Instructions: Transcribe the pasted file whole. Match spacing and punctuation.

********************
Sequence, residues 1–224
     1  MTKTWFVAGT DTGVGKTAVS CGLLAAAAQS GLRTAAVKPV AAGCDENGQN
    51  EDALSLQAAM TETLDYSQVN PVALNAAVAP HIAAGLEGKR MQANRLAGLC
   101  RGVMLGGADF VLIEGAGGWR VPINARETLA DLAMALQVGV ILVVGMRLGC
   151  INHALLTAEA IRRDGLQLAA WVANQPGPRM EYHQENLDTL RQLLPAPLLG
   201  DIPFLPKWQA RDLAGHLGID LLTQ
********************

Sequence, residues 1–224
     1  MTKTWFVAGT DTGVGKTAVS CGLLAAAAQS GLRTAAVKPV AAGCDENGQN
    51  EDALSLQAAM TETLDYSQVN PVALNAAVAP HIAAGLEGKR MQANRLAGLC
   101  RGVMLGGADF VLIEGAGGWR VPINARETLA DLAMALQVGV ILVVGMRLGC
   151  INHALLTAEA IRRDGLQLAA WVANQPGPRM EYHQENLDTL RQLLPAPLLG
   201  DIPFLPKWQA RDLAGHLGID LLTQ